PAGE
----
A ladder shield 30 for use with a stepladder according to the present invention will now be described with reference to FIGS. 1-8 of the accompanying drawings. The ladder shield 30 is constructed for use with a conventional stepladder 10 having a first pair of support legs 12 with a plurality of steps 14 disposed therebetween in a spaced apart relationship parallel to one another and a second pair of support legs 16 with a plurality of support struts 18 extending therebetween in parallel spaced relation (FIG. 1). The ladder shield 30 includes a first plate 32 having a generally rectangular configuration with length and width dimensions substantially similar to those of a top step 20 of the stepladder 10. The first plate 32 includes indicia 34 such as “DO NOT STEP” which advises a user not to attempt to stand thereon. The first plate 32 as well as other plates to be further described below are constructed of sheet metal although fiberglass, Plexiglas®, or a lexan material would also be suitable.
A second plate 40 having a generally rectangular configuration depends from a front edge 36 of the first plate 32 and is integrally attached thereto (FIG. 2). The second plate 40 extends downwardly from the front edge 36 of the first plate 32 at an obtuse angle relative to the first plate 32. The angular relationship between the first and second plates is substantially similar to the angle defined between the top step 20 and first pair of support legs 12 of the stepladder 10 such that the first and second plates 32, 40 may rest in flush engagement thereupon when positioned atop the stepladder 10 (FIG. 2). The second plate 40 includes a length and width dimension sufficient to completely block access to the step adjacent the top step 20 as well as the space between those steps. The second plate 40 also includes indicia 56 such as “Ladder Safety Shield” or other suitable phrase which indicates the reason why the top steps are blocked.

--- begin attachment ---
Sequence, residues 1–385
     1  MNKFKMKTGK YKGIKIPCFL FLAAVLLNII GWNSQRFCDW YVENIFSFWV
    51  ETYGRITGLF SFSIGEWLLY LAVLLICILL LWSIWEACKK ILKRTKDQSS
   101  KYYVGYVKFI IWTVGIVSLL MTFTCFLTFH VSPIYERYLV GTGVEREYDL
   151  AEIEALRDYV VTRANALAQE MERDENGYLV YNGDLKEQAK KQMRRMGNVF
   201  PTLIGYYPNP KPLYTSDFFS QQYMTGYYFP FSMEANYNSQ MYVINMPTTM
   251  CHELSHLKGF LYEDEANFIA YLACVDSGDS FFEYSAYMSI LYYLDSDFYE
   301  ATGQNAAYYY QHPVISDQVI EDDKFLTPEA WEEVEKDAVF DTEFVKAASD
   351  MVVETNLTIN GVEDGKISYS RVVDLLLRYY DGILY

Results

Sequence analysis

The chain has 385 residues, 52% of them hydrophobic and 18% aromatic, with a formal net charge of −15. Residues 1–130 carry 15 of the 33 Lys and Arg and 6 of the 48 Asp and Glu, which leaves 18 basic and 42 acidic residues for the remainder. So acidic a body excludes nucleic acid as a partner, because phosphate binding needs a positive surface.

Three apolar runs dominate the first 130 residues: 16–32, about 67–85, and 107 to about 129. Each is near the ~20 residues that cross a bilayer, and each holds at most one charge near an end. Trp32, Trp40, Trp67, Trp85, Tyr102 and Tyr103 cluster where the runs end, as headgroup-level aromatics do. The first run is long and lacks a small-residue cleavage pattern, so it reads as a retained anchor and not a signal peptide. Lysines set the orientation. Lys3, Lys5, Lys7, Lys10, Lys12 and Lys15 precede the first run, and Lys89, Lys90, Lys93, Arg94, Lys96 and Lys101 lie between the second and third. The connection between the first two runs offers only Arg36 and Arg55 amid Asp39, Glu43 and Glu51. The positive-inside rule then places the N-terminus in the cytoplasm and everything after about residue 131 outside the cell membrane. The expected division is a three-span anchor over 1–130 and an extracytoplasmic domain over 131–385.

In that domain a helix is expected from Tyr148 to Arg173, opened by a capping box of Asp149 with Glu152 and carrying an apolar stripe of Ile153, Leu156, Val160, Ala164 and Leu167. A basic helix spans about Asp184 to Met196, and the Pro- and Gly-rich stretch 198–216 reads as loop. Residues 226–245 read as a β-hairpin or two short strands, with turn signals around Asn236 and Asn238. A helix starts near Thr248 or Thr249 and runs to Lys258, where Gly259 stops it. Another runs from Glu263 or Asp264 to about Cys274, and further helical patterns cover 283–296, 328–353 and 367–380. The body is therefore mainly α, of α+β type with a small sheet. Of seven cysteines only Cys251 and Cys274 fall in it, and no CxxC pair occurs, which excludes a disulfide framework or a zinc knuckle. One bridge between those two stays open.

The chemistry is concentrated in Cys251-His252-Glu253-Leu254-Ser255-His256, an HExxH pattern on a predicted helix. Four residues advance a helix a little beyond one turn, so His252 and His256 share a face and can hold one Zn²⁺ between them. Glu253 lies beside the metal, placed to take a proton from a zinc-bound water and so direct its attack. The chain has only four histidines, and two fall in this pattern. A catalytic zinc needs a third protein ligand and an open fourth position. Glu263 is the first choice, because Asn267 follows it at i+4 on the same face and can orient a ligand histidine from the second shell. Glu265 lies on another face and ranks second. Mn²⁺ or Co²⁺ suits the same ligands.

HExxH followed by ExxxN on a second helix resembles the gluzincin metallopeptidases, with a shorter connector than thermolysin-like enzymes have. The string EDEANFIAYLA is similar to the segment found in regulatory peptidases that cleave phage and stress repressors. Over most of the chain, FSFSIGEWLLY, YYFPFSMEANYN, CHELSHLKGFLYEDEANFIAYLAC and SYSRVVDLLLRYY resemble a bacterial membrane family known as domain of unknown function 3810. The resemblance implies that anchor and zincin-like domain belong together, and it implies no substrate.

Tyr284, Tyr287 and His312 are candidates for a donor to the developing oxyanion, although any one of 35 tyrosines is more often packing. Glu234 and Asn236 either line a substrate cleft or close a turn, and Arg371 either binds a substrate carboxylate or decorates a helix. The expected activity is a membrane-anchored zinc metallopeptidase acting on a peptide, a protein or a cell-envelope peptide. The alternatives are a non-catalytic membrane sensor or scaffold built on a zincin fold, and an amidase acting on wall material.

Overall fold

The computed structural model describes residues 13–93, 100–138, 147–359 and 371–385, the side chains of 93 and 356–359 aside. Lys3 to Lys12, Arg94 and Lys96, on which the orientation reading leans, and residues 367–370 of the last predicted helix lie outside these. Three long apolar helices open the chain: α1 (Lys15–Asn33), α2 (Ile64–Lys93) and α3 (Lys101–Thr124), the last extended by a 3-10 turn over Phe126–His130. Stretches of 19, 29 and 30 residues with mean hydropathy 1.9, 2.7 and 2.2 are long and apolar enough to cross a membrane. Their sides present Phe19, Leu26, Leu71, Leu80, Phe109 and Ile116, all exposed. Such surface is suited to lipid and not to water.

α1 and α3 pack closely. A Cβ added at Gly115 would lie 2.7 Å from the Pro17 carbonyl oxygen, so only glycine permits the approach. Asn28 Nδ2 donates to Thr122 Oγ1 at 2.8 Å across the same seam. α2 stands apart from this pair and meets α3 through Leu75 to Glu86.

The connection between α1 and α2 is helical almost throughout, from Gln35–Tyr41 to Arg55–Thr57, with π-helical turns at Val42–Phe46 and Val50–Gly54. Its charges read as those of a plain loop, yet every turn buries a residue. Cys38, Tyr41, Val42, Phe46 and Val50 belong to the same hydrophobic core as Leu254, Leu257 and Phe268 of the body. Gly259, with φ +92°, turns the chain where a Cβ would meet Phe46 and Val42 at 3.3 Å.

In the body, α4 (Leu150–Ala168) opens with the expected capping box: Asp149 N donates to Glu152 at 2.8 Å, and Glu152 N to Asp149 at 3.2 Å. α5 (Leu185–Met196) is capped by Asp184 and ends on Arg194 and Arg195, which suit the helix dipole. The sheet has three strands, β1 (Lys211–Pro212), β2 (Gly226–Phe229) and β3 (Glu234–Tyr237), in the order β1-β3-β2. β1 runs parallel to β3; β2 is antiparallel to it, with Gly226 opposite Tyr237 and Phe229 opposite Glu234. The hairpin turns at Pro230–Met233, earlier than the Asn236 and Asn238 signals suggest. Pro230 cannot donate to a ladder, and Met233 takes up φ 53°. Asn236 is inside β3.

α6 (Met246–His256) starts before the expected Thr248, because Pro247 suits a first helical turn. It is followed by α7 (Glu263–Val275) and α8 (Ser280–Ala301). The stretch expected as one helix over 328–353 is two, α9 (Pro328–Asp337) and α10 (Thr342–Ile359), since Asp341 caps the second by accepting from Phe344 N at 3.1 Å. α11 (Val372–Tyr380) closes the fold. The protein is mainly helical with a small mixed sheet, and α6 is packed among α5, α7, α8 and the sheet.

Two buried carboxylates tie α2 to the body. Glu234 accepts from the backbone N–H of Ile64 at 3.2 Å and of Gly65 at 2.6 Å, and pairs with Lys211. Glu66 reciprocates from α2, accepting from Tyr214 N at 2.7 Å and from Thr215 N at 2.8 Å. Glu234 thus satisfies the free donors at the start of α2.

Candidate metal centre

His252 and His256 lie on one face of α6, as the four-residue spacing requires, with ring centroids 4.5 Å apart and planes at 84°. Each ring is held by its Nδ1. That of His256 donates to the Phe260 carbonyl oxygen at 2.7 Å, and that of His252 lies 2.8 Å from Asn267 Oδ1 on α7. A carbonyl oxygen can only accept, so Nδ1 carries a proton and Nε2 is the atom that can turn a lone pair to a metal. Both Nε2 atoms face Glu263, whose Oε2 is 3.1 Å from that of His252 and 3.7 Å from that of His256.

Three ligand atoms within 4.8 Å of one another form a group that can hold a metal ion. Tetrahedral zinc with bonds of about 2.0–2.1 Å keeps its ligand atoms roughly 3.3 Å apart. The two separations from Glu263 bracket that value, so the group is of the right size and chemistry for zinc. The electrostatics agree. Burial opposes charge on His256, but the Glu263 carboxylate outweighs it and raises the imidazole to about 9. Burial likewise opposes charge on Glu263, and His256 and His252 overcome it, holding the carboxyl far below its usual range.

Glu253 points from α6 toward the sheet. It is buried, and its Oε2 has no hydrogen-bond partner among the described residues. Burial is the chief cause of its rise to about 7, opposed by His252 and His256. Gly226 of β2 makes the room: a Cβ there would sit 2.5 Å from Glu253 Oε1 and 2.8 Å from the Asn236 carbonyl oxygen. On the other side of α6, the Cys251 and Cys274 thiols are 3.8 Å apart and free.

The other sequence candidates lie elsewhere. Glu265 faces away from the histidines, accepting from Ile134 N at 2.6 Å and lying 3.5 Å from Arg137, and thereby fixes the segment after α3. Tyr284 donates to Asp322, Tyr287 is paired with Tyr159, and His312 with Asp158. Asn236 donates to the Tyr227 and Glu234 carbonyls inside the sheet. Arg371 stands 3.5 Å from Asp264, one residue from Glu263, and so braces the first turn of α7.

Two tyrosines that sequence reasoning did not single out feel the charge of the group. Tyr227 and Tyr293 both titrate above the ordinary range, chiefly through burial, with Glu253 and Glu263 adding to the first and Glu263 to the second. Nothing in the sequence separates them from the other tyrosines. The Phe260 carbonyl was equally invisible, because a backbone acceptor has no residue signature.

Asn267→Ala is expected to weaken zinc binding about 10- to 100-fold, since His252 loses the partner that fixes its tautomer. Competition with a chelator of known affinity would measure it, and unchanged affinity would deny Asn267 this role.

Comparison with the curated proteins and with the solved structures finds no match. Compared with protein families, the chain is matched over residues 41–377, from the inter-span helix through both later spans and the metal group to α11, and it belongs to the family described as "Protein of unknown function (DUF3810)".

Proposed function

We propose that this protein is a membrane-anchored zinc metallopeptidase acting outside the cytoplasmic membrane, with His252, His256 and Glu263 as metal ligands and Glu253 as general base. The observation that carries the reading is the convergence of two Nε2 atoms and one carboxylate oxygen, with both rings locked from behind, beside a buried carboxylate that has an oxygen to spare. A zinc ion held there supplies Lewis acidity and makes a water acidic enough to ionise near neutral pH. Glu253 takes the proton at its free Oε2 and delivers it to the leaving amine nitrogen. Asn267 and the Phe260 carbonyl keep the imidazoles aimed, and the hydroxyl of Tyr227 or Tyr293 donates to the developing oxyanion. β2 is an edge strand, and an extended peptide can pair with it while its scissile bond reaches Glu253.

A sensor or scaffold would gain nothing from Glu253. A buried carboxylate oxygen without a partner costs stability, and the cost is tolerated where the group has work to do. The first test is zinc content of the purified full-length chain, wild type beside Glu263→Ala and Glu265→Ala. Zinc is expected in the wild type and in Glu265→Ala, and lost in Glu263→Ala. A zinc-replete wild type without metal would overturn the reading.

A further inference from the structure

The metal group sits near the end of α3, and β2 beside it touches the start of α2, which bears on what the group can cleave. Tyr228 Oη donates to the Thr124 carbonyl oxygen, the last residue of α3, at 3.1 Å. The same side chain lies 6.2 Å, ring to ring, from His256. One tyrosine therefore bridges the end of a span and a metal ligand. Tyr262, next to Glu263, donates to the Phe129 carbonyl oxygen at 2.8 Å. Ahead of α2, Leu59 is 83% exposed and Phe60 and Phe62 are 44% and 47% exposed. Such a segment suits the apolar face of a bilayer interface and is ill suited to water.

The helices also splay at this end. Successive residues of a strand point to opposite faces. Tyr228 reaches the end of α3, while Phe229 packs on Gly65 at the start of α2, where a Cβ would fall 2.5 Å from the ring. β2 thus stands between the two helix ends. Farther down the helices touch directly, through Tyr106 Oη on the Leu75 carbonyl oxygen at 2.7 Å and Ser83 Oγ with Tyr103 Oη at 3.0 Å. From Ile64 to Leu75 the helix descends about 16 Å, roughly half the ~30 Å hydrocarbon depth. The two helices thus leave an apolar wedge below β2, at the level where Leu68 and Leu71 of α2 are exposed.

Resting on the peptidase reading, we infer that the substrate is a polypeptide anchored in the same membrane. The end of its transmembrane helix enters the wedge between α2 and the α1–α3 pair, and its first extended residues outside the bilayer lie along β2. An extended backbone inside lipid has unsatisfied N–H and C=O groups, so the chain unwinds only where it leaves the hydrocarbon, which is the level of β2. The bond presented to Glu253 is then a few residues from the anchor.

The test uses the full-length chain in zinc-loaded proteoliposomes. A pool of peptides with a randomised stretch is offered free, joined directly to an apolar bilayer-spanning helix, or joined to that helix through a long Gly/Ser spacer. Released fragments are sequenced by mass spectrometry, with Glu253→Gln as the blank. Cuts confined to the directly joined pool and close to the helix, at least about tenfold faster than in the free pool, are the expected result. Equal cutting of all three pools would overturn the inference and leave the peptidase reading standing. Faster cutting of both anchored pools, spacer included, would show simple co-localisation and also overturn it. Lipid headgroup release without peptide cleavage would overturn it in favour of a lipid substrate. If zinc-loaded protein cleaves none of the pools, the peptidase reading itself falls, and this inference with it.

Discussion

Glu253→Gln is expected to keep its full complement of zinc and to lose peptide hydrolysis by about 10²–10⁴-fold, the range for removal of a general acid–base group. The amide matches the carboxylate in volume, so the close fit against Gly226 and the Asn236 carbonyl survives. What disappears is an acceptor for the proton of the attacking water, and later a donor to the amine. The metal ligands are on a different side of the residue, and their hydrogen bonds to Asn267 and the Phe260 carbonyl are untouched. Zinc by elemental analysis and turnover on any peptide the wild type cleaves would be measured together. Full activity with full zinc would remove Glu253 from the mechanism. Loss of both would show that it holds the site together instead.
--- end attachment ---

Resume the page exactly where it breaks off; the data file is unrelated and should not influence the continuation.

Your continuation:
As best shown in FIG. 5, a pair of elongate hanging brackets 44 are fixedly attached to an inner face of the second plate 40 adjacent a free edge 50 thereof. Although the brackets 44 include arms 46 that are generally normal to the second plate 40, they may be slightly angled so as to rest flush upon the step adjacent the top step 20 when the shield 30 is mounted to a stepladder 10. Each bracket 44 includes a flange 48 that is normal and integral to a free end of a respective arm 46 for gripping the inner edge of a step and maintaining the shield's position upon the stepladder 10.